And as business becomes increasingly technology-driven, the accounting profession has kept pace. “Marcum hires people with degrees in several fields,” he noted. “Technology is driving the modern audit practice, and the complexity of new technology-enabled financial products is driving a shift to finding ‘non-accounting’ professionals who have expertise in these areas. For example, the effectiveness of auditing financial statements has increased the need for data science and data analytics professionals; and as the use of cryptocurrency grows, professionals who understand blockchain technology are needed to help auditors.

The competitive business environment is also driving changes in the profession, noted Phillip Goldstein, CEO of Goldstein Lieberman and Co. LLC. “CPAs don’t just take a historical look at a company’s operations,” he said. “Clients want us to be strategic advisors, and we do, with activities such as analyzing business segments for winning and losing divisions, exploring product lines to identify loss leaders and providing M&A research and real-time insights so owners can run their businesses even better.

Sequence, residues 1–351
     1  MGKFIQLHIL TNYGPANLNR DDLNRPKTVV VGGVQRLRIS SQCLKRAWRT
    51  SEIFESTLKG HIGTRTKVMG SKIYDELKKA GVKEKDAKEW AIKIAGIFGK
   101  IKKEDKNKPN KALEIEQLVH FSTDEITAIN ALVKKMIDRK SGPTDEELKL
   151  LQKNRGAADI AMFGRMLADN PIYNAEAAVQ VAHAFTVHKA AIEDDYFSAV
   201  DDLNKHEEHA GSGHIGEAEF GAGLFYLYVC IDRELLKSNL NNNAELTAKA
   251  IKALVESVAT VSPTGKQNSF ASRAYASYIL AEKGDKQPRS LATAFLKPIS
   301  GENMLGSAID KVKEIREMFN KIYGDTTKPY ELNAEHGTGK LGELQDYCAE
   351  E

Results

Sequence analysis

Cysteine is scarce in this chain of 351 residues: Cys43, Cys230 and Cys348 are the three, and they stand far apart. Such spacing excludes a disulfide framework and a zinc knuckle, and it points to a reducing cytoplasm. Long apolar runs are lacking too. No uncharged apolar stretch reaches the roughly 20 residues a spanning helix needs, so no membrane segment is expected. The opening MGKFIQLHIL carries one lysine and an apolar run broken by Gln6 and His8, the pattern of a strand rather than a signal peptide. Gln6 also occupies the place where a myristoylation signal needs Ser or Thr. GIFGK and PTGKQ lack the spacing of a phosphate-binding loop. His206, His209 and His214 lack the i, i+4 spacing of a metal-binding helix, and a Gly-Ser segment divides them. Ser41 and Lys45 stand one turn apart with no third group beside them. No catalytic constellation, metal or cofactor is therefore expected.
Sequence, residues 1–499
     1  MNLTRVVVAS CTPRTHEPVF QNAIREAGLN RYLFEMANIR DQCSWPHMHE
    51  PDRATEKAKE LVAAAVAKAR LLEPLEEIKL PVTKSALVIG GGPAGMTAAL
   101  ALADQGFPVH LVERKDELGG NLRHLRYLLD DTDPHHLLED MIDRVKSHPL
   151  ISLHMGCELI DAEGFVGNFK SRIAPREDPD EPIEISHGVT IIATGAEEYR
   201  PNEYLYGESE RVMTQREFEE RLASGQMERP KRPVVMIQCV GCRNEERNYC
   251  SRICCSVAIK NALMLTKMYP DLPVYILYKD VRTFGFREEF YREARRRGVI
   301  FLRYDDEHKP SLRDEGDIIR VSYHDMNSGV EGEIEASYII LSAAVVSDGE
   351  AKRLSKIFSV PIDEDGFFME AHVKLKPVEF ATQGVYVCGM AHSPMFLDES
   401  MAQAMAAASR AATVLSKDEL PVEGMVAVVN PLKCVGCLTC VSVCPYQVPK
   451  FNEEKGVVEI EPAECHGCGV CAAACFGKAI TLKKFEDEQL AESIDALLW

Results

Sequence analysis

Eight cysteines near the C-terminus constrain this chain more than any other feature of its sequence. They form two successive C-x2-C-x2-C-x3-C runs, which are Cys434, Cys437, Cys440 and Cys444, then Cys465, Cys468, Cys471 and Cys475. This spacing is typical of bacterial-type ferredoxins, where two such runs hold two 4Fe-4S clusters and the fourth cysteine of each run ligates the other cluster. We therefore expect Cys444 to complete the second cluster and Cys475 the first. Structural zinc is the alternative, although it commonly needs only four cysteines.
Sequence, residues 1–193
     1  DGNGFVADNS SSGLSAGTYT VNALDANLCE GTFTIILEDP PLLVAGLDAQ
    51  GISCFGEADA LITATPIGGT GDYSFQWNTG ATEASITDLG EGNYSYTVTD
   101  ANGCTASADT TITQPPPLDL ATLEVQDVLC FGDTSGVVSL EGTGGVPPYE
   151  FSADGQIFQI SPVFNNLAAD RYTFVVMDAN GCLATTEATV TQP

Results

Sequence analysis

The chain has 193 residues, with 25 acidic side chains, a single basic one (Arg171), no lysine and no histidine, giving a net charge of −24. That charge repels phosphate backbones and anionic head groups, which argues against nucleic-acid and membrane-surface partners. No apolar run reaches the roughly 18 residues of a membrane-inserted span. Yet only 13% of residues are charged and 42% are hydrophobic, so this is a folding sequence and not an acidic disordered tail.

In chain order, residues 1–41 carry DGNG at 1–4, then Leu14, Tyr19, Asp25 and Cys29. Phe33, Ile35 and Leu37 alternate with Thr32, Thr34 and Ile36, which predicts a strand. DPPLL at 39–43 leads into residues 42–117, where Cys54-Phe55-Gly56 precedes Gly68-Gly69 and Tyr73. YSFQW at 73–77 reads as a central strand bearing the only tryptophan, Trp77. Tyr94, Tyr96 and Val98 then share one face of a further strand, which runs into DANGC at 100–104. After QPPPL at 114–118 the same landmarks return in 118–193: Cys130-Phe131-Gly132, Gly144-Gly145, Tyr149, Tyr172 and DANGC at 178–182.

A digital revolution


Why is this change happening now? Goldstein cited the digital revolution as a catalyst. “Previously, you sent a [postal] mail someone and wait three days for a response,” he said. “Now people want answers instantly. Business moves faster and CPAs keep pace.

At the same time, he added, “companies are using new metrics that are often specific to the industry and user needs. For example, supermarkets focused on department-specific metrics like revenue, retail sales per square foot, and gross profit. Today there are new KPIs [Key Performance Indicators] that they need.

According to industry publications, these new metrics include metrics such as cost of fulfillment per order – the direct labor required to pick, pack and deliver each order and interface with customers, as well as indirect labor such as processing returns – and additional packaging supplies, allocated installation costs, delivery service providers, and the cost of managing online ordering sites and applications.